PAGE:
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Take away tea with Miss Ray

Learn and Teach went on a long trip. We went all the way to Zambia to talk to Ray Alexander, or Miss Ray, as many old workers in South Africa remember her.

Our heads were spinning when we left Miss Ray’s house. We had talked and talked, all afternoon. Miss Ray told us about her life in South Africa. She told us how she and others started the Food and Canning Workers Union. She told us how the Federation of Women started.

Would we remember everything Miss Ray told us, and — more important — could we tell her story as well as she told it to us?

As we opened the gates to leave, Miss Ray came hurrying out. She was very worried. We talked so much that she forgot to offer us anything to drink. She gave us a bottle of homemade lemonade to take with us. It was very good!


Miss Ray’s story starts in 1929. She had just arrived in Cape Town. She stood on the docks, a young girl with yellow hair. She had come by boat from Latvia, near Russia, to join her family.

Miss Ray was not happy. She was missing her friends and work back home. For a week all she wanted was to go home. But then she went to the shops.

She saw many workers sitting out­side in the sun, during their lunch hour. She asked them if they had a union. They said no and Miss Ray felt better. There was lots of work to do here — the same kind of work that she did in Latvia.


Miss Ray started that very Sunday. There was a big meeting at the bottom of Adderley Street. She met a man called Johnny Gomas there — and she helped him to collect money for the striking textile workers in America.

From that time Miss Ray was never at home at weekends. On Sunday mornings Miss Ray went to the docks to help Johnny Gomas with union work.

But Miss Ray also had to earn money. She soon got a job sewing for a tailor. And she started to learn English — it was some time before she spoke English. When she gave her first speech in English at the docks, her knees were knock­ing from nerves.

The older people in the union soon saw that Miss Ray knew how to work. They asked her to work with them full-time, and not just at week-ends. Miss Ray was soon very busy, organising the tin workers, the oatmeal workers, chemical workers,sweet workers, everyone.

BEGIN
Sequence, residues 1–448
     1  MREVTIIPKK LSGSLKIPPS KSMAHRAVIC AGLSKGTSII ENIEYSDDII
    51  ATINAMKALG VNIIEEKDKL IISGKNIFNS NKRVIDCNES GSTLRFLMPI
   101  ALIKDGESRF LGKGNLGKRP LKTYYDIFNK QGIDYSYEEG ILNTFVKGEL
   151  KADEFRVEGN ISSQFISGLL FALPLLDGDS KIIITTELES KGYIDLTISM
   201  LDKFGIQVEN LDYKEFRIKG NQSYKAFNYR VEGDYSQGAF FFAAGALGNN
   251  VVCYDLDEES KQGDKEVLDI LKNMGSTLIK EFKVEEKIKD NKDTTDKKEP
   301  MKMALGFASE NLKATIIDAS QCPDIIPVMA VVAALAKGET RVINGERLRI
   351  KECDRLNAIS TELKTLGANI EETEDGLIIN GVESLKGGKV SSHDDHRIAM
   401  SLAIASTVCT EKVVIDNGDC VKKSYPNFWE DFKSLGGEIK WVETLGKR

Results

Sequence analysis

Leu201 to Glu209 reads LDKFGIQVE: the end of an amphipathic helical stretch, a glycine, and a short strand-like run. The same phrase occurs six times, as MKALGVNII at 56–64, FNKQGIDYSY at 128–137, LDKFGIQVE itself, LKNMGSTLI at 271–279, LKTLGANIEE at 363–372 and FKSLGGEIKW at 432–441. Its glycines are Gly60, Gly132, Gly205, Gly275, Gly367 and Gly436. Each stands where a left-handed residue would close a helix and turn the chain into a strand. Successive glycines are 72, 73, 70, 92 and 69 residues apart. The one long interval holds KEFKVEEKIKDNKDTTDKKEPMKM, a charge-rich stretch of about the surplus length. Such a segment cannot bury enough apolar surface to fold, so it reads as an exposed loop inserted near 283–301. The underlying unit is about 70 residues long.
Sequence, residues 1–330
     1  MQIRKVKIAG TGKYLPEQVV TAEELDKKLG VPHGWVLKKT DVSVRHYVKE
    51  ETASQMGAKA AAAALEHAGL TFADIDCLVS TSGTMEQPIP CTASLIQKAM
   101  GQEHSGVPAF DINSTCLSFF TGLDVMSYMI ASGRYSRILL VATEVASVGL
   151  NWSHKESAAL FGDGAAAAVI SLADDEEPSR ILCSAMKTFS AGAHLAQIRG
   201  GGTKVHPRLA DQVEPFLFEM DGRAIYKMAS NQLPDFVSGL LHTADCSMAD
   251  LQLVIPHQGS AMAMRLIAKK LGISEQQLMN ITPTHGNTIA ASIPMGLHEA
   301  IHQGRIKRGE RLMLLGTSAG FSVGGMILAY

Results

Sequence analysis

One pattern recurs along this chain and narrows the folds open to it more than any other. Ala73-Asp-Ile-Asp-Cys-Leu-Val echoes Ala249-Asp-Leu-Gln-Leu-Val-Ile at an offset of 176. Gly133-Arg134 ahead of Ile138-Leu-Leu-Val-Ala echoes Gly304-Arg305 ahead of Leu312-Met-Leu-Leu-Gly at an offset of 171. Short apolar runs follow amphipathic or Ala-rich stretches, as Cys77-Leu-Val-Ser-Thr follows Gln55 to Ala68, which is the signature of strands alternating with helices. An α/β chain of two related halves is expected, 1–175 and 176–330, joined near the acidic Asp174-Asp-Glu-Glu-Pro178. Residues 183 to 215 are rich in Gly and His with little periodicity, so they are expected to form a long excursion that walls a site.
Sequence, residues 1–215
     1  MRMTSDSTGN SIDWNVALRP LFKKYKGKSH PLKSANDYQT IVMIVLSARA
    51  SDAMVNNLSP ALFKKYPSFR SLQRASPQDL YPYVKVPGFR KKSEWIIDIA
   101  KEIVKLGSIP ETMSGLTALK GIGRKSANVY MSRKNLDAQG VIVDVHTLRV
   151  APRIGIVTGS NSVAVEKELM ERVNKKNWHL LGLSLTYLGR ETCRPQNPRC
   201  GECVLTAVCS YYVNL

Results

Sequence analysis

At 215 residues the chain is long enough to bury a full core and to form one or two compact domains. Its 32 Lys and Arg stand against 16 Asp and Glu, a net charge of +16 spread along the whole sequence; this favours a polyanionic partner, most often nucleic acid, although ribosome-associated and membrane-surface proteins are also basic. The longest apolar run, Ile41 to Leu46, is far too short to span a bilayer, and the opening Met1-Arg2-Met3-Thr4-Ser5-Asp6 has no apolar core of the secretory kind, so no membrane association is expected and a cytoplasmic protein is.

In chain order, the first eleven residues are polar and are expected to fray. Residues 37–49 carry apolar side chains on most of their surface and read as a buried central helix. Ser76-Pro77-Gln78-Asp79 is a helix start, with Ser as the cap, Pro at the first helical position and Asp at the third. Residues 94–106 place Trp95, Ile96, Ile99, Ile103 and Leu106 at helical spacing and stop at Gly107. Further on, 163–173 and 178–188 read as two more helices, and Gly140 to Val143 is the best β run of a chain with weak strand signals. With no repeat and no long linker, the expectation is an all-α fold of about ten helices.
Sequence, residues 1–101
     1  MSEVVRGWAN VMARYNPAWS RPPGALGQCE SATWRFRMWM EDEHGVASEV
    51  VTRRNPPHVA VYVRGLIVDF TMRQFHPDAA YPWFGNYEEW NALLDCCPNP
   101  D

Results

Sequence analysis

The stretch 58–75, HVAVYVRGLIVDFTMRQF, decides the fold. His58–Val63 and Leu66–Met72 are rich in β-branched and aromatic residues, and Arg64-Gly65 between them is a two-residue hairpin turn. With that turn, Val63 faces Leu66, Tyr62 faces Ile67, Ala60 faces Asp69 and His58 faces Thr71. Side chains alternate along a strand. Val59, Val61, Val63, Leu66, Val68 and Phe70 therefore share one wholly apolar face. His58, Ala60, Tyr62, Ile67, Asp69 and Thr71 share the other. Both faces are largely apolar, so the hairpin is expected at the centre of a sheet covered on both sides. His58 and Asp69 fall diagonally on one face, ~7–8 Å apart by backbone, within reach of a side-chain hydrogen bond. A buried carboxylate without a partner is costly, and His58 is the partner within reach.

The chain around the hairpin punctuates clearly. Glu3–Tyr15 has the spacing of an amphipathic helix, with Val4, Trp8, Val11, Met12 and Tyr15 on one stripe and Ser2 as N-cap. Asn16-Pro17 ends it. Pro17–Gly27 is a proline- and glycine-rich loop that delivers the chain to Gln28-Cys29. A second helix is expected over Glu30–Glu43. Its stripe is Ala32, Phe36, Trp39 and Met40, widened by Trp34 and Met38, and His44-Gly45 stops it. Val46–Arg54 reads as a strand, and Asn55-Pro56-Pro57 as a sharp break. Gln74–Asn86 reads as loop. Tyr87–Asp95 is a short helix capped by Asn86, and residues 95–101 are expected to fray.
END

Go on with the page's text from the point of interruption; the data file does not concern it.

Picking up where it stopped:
Miss Ray helped the sweet and food workers a lot. They believed that they needed a special union. So, in 1941, on the 6th of February, about 50 people met in a house in Bloem Street.

One person brought milk, one per­son brought tea, another person brought biscuits, another brought cake. By the time they finished their tea, the Food and Canning Workers Union was born.

There was lots of work to do. Every­one sat down and wrote letters to friends and relatives at the big canning factories in Paarl. They wrote to tell them about the union. Then they waited for answers to their letters.


Months later a letter arrived from some Paarl workers. They asked the union to send people to them at Daljosophat. Ray went with two workers from Crosse and Blackwell in Cape Town.

They had no transport so Ray asked a friend to take them. When he arrived to pick them up, he was driving the biggest, smartest car in the whole world — a Rolls Royce.

The Rolls Royce was very useful. When they got to Daljosophat, the workers were angry. No one would give them a hall to meet. So they went down to the Berg River for their meeting. Many people were signed up that night, by the lights of the Rolls Royce.

Once people from the Paarl can­ning factories joined the union, the union spread like a big fire. Soon workers from Wellington, Wor­cester, Groot Drakenstein, Ashton, Roberston, Somerset West wanted to join the union.


One day Miss Ray got a letter from some workers in Port Nolloth, far away in the northern Cape. Today it takes three days to get there by train.